It is one of the most anticipated papal speeches of the year, continuing a tradition of centuries-long Vatican attention to diplomatic matters. In front of the 183 ambassadors and diplomats accredited to the Holy See, Francis reaffirmed, Monday, January 9 during his speech of good wishes to the authorities in the Hall of Blessings of Saint Peter’s Basilica, that diplomacy has the “task of settling the disputes in order to foster a climate of trust in order to meet common needs”.
Without departing from habit, the pope first engaged in a “world tour” of the main crises affecting the planet. Calls to relaunch negotiations “in deadlock” on the Iranian nuclear issue, to immediately end the war in Ukraine – a “senseless conflict” whose “effects affect entire regions, even outside Europe” -, to dialogue in the Israeli-Palestinian conflict, or finally, among other burning issues, the end of violence and terrorism in West Africa, concern linked to the attempted putsch on Sunday January 8 against the Brazilian power…
“The Third World War of a globalized world is currently underway. The conflicts directly affect only certain areas of the planet, but in essence they involve the whole world,” the pope stressed. It is necessary to break with this logic [de production d’armements nouveaux] and to advance on the path of complete disarmament, because no peace is possible where instruments of death are spread”.
How to proceed further, according to the Pope’s wish, to “reweave the threads of peace” in 2023, in a context of such protean tensions? In his speech, Francis cited four axes in the light of which this must be particularly sought, citing the “fundamental goods” identified, sixty years earlier, by his predecessor John XXIII in his encyclical Pacem in terris (1963): “ truth, justice, solidarity and freedom”.
“These are the pillars that govern relations both between individual human beings and between political communities,” he insisted. Women’s rights, protection of life from conception to its natural end, eradication of the culture of rejection, abolition of the death penalty… “Building peace in truth means first of all respecting the human person, with his right to existence and to physical integrity (…)”, he began, before urging States to guarantee access to education for all, and to preserve religious freedom in a context of increasing violence and discrimination against Christians.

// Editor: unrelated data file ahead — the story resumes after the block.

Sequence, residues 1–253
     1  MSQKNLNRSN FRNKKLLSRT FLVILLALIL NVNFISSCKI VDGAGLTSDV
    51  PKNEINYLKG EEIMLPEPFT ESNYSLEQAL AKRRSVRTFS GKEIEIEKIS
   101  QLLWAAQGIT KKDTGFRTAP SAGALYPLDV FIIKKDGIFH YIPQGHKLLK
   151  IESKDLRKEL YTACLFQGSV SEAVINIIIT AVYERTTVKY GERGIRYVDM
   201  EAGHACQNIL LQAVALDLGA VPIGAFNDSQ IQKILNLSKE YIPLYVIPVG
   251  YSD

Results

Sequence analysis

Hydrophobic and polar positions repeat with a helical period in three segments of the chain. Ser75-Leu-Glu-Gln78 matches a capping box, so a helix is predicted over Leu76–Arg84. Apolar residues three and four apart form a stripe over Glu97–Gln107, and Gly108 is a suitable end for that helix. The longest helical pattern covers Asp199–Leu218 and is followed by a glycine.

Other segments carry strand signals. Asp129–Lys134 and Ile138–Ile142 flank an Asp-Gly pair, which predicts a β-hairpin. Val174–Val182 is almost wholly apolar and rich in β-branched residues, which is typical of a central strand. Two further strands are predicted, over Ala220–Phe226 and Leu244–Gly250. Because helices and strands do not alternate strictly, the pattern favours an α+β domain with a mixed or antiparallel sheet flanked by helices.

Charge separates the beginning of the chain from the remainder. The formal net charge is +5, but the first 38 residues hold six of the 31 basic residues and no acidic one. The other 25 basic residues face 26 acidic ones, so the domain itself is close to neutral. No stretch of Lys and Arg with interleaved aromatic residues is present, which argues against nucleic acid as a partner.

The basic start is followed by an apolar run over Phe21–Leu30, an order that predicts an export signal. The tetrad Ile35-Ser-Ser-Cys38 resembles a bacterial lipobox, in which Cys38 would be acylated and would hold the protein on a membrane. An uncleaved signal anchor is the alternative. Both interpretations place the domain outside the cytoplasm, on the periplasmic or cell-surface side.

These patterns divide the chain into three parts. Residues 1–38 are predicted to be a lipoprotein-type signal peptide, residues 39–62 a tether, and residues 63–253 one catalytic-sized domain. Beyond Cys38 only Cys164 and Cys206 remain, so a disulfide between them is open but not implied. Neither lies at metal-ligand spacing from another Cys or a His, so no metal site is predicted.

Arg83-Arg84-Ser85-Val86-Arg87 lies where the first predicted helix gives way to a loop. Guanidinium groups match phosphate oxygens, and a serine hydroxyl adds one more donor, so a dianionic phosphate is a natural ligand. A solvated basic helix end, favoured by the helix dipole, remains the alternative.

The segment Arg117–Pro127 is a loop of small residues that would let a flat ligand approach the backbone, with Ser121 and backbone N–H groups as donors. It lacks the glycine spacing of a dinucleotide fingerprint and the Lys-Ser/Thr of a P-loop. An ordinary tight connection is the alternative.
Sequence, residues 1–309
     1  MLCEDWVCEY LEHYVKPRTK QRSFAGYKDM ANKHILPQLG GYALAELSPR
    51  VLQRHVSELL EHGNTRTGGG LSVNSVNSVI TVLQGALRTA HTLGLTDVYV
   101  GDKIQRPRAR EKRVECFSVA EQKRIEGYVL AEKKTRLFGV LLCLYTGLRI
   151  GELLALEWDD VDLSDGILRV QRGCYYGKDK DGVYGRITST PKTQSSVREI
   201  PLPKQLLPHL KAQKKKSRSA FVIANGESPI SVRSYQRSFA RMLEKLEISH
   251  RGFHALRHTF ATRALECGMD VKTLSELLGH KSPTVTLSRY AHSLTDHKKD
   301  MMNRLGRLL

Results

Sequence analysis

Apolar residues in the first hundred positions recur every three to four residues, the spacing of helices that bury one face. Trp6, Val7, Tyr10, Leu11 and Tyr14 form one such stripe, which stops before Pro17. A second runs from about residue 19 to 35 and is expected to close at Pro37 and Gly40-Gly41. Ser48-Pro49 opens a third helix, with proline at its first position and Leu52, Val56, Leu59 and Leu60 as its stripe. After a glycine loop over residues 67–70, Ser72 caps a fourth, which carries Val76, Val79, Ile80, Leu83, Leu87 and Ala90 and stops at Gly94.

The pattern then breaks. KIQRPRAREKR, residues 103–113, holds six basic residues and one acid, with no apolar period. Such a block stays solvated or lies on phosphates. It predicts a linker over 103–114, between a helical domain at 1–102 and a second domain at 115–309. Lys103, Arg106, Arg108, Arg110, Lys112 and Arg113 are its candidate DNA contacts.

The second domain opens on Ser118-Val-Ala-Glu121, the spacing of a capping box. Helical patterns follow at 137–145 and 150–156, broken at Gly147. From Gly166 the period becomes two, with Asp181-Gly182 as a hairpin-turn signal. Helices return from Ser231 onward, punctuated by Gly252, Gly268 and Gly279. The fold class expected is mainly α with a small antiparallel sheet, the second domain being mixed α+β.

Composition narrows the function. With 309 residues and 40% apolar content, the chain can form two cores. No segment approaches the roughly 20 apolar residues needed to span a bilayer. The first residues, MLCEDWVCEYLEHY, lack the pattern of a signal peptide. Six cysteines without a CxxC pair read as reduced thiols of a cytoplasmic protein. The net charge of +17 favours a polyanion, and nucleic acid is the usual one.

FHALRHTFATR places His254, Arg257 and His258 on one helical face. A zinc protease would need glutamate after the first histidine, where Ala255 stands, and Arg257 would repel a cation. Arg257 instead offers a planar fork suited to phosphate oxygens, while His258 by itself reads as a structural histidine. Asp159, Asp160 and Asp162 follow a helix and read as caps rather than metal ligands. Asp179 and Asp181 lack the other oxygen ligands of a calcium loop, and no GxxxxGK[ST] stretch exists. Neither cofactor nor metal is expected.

The construction of peace also requires, for the pope, that justice be pursued, while the multilateral system needs to be “rethought in depth” and that the major international bodies are marked by growing polarizations and attempts to impose a single thought preventing dialogue. “There is a risk of drift which increasingly takes on the face of ideological totalitarianism,” François lamented.
In terms of solidarity, he identified three areas where “the interconnection” is, according to him, striking. First the migratory field, on which it is not allowed to “proceed in a dispersed row”, he assured. “To understand it, just look at the Mediterranean, which has become a great tomb. These shattered lives are the emblem of the sinking of our civilization (…)”, he hammered, calling for the implementation of new policies for the reception and integration of migrants. Then, that of the economy and work, when it is necessary “to restore dignity to the company, by fighting against the exploitation which treats the workers like a commodity”. Finally, that of the care to be given to Creation.
The pope also deplored a weakening of democracy in many parts of the world. Before, finally, closing his long address with a dream, that it would be “beautiful”, “one time”, to be able to meet “just to thank the Lord (…) for the benefits he always grants us, without being obliged to enumerate the dramatic situations which afflict humanity”.